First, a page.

Please forward this error screen to sharedip-10718044127. This article heavy duty mike mentzer pdf about the 1970s weight training. Unsourced material may be challenged and removed. There is an inverse relationship between how intensely and how long one can exercise.
As a result, high-intensity workouts are generally kept brief. After a high-intensity workout, as with any workout, the body requires time to recover and produce the responses stimulated during the workout, so there is more emphasis on rest and recovery in the HIT philosophy than in most other weight training methods. While many typical HIT programs comprise a single-set per exercise, tri-weekly, full-body workout, many variations exist in specific recommendations of set and exercise number, workout routines, volume and frequency of training. Most HIT advocates stress the use of controlled lifting speeds and strict form, with special attention paid to avoiding any bouncing, jerking, or yanking of the weight or machine movement arm during exercise. Technical HIT advice varies from lifting the weights smoothly and at a natural pace, to timing the lifts, peaking at hold and descent.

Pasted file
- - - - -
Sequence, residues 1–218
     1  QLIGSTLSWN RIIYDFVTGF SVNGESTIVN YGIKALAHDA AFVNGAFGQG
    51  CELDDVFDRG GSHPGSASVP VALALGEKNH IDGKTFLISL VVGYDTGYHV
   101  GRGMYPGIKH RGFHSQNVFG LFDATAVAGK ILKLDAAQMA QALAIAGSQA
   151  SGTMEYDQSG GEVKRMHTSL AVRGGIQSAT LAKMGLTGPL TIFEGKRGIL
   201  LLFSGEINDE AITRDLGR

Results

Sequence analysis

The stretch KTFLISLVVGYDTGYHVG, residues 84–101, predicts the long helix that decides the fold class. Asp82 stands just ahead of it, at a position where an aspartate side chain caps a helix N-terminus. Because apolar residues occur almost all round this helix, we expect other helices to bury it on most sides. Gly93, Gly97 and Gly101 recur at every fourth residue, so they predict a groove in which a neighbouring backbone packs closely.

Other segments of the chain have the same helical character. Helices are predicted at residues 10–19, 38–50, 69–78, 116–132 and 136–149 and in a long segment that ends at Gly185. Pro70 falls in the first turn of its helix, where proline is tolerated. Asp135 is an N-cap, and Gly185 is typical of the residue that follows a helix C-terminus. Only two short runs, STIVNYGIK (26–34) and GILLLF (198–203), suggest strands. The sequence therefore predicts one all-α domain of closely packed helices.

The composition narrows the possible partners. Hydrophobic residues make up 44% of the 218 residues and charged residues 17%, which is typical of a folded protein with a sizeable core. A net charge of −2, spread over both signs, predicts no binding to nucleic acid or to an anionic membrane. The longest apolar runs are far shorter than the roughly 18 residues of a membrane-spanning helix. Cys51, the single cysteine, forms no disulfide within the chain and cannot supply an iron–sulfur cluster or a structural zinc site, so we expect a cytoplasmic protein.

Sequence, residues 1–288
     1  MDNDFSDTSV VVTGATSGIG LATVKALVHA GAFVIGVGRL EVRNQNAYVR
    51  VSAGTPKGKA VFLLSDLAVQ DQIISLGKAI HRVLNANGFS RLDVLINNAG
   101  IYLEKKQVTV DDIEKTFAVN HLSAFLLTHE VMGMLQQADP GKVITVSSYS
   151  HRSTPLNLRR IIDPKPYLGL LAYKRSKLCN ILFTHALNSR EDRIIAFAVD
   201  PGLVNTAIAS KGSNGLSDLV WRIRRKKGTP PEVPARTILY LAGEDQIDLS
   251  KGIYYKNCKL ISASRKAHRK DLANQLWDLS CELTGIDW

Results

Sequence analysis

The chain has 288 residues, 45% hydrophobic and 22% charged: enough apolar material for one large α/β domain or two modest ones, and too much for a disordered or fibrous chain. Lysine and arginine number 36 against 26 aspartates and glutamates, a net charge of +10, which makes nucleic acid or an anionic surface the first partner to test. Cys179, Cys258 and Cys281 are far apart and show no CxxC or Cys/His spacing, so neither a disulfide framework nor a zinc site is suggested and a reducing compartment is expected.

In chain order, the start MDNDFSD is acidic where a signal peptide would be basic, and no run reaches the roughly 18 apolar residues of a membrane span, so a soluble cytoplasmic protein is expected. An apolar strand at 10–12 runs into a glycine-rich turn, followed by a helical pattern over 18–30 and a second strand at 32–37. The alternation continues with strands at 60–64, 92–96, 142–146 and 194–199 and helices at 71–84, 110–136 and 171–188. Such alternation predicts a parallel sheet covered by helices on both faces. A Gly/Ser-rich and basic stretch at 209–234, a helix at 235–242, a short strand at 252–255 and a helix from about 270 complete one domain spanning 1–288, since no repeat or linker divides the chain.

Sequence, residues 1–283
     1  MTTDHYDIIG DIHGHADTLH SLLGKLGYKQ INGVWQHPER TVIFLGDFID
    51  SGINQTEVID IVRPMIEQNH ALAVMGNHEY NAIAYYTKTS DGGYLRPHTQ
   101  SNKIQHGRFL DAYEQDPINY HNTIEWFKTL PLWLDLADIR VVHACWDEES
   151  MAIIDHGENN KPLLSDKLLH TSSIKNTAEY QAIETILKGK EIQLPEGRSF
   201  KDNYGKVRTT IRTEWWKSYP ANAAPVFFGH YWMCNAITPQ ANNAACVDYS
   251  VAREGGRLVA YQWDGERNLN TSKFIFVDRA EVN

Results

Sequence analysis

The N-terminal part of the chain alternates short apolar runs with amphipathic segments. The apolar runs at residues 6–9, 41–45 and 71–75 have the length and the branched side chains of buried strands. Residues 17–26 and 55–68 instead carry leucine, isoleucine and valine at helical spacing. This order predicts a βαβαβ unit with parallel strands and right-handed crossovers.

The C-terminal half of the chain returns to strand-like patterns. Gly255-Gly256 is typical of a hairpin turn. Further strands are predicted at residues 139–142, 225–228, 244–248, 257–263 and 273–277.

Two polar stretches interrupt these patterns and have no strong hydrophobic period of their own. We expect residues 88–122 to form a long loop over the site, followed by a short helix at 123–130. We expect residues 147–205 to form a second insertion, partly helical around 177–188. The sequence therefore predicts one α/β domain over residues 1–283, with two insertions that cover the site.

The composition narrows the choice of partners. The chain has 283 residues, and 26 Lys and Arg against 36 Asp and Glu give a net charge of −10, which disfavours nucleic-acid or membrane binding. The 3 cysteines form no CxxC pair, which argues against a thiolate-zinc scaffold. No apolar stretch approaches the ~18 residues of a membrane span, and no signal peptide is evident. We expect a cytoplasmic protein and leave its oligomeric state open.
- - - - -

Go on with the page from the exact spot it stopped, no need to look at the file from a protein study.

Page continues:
In extreme cases, it may take up to 30 seconds to complete a single repetition. A large number of skeptics dispute the methods and results claimed by HIT advocates. Some of the criticism asserts that HIT violates much conventional “wisdom” in weight training. There exists also a controversy related to the development of HIT and its originality. HIT enthusiast Arthur Jones in the early 1970s.